Reference: 150, p. 3.4-2; NASA-STD-3000 21

11.8 MOBILITY AIDS

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11.8.1 Introduction

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This section contains design considerations, requirements, and examples for personnel and equipment mobility aids. Design criteria include dimensions, coding, texture, design loads, temperature limits, and mounting.

(Also, refer to Paragraph 8.9, Mobility Aids and Restraints Architectural Integration.)

Items such as tethers, hooks, restraints, and temporary stowage devices which interface with mobility aids are described in Paragraph 11.7. Handles and grasp areas on the portable equipment covered are detailed in Paragraph 11.6.

11.8.2 Personnel Mobility Aids

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11.8.2.1 Handhold and Handrail Design Considerations

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Handholds and handrails are the hardware interfaces used for crewmember mobility aids. They are necessary in both IVA and EVA applications for crewmembers to use as they move from place to place during the performance of their tasks.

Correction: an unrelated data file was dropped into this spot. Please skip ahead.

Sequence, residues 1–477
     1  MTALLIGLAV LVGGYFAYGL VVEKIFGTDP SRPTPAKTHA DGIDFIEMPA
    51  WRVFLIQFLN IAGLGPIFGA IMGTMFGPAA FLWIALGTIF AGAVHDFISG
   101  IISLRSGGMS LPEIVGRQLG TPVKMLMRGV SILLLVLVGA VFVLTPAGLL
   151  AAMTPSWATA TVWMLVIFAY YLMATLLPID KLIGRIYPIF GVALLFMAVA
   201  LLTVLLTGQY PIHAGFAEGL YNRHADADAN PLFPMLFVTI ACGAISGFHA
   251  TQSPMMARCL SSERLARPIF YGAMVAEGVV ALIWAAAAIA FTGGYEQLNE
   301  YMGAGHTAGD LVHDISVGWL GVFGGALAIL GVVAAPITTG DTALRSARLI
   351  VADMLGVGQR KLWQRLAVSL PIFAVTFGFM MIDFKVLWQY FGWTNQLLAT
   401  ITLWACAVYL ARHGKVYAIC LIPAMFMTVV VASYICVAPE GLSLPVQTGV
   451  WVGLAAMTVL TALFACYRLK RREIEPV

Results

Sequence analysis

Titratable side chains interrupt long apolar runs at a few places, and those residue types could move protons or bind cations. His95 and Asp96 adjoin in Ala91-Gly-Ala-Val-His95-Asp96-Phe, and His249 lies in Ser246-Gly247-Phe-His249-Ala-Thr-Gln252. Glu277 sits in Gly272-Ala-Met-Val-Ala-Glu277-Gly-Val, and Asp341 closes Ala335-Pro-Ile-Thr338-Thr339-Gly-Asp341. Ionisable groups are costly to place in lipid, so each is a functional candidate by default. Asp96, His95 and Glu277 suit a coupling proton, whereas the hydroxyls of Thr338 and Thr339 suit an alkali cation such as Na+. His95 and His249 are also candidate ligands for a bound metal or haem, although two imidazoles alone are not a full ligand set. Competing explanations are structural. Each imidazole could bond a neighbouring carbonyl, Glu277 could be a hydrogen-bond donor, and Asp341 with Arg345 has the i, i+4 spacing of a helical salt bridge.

Handholds or handrails may also provide local protection to the vehicle/payload components. They also serve as convenient locations for temporary mounting, affixing, or restraint of loose equipment and as attachment points for equipment and personnel safety tethers. Handholds provide adequate restraint for low force, short- time manual tasks such as inspection, monitoring, and control/switch actuation.